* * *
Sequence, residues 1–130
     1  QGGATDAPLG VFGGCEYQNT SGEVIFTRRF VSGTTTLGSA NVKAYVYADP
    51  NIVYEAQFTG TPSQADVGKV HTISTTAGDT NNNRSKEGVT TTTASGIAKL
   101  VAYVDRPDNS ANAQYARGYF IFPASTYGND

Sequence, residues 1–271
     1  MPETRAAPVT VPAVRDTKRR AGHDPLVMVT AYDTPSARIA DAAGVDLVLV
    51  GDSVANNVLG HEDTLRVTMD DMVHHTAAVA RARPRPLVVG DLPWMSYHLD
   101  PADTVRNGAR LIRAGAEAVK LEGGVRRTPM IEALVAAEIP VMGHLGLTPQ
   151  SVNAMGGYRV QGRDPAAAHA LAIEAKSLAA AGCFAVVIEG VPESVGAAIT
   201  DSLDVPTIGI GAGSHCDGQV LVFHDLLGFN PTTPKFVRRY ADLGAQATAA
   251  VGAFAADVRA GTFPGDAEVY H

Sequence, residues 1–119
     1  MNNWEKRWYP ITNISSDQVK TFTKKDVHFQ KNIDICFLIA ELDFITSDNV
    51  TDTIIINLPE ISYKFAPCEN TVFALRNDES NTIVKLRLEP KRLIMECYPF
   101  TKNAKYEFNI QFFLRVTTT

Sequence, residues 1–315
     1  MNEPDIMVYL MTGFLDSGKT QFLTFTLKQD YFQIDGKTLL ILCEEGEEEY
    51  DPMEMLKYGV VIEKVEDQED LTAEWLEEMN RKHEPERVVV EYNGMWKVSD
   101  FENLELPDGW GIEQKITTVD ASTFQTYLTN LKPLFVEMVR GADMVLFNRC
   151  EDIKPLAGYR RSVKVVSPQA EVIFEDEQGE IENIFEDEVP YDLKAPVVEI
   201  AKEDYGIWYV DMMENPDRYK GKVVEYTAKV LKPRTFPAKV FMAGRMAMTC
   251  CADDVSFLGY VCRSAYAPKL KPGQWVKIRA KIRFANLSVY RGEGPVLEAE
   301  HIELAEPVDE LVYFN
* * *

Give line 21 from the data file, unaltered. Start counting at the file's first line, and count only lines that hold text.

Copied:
   201  AKEDYGIWYV DMMENPDRYK GKVVEYTAKV LKPRTFPAKV FMAGRMAMTC